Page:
Q&A: 3 Year Old Preoccupied with Throwing and Dumping Things

CME WebsitesChild Development, Pre-Schoolers 36 - 60 Months

blockquote_bgMy 3-1/2-year-old son seems preoccupied with throwing and dumping things. His play seems limited and atypical. I would not say that he is obsessed with one topic or subject to the exclusion of others but just generally his play seems shallow or does not have much purpose. He is not around other children his age much but when he is, he still does not interact with them. I realize this is fairly normal at this age. But, for example, when we go to a playgroup at the park, my son is content playing with the wood chips at the park instead of the playground equipment or even trying what the other kids are doing. When we are there without other kids, he will try some of the playground equipment. We live in a small town where there are no pediatricians and only family doctors. Should I seek out a pediatrician over an hour away for further evaluation?

Developmentally most children by age 3.5 have moved from parallel play to cooperative/interactional play with same age peers and children 3-4 years old (unlike 2 year olds) should be showing active interest in engaging with other children. From your description, it does sound like your son has limited social skills and functional play for his age.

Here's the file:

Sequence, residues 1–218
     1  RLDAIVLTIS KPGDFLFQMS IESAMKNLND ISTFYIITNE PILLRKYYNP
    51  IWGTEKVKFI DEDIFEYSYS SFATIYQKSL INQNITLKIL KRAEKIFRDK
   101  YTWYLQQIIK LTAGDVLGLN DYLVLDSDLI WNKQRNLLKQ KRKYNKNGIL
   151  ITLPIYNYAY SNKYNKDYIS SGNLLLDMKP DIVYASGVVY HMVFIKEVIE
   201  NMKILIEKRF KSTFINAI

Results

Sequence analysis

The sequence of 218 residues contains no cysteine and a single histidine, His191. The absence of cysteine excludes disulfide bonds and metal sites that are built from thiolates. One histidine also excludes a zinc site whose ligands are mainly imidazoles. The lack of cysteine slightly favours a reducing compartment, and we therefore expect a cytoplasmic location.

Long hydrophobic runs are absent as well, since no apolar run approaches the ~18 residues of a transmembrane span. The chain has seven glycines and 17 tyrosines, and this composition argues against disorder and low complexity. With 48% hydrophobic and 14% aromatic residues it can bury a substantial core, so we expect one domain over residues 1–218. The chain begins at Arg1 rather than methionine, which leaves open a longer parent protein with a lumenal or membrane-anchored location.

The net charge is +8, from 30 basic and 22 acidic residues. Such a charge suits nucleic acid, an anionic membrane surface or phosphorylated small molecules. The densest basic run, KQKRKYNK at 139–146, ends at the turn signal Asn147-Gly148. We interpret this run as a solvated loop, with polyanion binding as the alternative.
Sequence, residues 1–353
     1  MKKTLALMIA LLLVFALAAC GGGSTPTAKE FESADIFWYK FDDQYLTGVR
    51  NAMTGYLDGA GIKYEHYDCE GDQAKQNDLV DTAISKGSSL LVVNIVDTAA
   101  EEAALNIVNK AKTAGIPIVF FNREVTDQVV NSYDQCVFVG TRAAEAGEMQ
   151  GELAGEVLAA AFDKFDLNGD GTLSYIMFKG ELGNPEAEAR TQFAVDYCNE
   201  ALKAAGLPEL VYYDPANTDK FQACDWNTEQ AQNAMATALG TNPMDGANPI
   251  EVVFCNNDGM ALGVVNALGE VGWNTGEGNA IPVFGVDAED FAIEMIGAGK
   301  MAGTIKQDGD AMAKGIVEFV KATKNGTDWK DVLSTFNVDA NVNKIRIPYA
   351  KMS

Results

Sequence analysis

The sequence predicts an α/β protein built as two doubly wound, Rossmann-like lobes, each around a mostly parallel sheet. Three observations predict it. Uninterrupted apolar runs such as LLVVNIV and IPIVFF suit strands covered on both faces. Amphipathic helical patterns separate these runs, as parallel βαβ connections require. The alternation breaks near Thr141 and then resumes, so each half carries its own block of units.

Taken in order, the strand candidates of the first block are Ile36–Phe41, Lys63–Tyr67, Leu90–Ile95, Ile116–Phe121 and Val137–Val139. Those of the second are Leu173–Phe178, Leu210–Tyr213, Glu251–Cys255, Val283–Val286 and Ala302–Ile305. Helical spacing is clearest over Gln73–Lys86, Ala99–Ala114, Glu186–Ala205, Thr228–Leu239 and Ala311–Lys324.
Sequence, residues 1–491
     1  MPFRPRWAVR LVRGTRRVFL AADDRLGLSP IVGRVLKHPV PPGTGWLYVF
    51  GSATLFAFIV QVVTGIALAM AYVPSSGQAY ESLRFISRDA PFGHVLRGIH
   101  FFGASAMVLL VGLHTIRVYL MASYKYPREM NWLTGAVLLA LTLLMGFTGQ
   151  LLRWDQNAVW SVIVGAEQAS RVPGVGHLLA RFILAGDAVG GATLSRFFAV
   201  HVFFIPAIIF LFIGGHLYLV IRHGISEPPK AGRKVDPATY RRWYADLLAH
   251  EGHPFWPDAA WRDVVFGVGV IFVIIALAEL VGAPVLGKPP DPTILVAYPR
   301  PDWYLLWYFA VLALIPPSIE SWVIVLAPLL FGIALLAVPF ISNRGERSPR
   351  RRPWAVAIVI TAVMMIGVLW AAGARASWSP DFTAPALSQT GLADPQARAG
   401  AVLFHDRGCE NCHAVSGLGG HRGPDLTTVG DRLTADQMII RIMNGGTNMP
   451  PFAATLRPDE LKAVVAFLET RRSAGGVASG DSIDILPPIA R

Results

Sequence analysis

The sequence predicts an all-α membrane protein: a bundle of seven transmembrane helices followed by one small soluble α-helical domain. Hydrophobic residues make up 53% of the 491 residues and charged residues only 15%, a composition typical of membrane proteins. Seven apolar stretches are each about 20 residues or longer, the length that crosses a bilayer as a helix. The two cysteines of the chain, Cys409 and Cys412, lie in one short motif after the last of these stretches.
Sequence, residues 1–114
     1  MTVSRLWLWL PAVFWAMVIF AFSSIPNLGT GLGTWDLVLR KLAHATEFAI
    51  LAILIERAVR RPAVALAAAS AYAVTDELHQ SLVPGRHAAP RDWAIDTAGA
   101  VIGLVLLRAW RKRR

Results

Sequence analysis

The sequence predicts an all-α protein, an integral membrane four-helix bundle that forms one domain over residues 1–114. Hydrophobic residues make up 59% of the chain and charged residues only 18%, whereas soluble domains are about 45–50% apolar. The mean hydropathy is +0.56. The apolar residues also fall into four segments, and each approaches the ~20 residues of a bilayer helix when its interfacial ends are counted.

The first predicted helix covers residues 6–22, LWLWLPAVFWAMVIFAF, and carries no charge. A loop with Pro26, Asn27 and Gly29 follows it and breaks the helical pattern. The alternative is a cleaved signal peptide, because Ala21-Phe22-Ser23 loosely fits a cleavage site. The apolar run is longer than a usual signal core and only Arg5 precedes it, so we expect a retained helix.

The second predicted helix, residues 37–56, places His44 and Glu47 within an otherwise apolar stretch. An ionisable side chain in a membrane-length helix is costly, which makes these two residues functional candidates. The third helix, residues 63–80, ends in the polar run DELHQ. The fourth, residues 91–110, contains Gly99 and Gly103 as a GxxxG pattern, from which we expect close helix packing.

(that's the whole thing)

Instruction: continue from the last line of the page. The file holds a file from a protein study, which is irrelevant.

Some Red Flags for social/emotional/cognitive development at age 3-4 include: (1) No initiation of interaction with same age peers; (2) No pretend play skills; (3) Inability to play games with other children and agree to rules; (4) Limited functional play with toys (i.e., instead of putting pieces in a puzzle, repeatedly dumping, scattering or lining up pieces); (5) No interest in spontaneous singing, dancing or acting out scenarios; (6)Lack of imitation skills. I would definitely suggest consulting with a developmental pediatrician, but you might want to go ahead and first contact this Early Intervention service provider in your area for a free screening to determine if your son is indeed showing a developmental delay.

Early Intervention services are typically 0-3 and then 3-5. It is better to seek help for your son now rather than waiting until he is kindergarten age. The website link I listed states “Parents of children with difficulties in one or more of the areas of vision, hearing, speech, language, movement, thinking, learning, or self help skills are encouraged to contact the Region IX Child Find office. A free developmental screening is available in any of these developmental areas and children are not required to be of school age to qualify for these services.”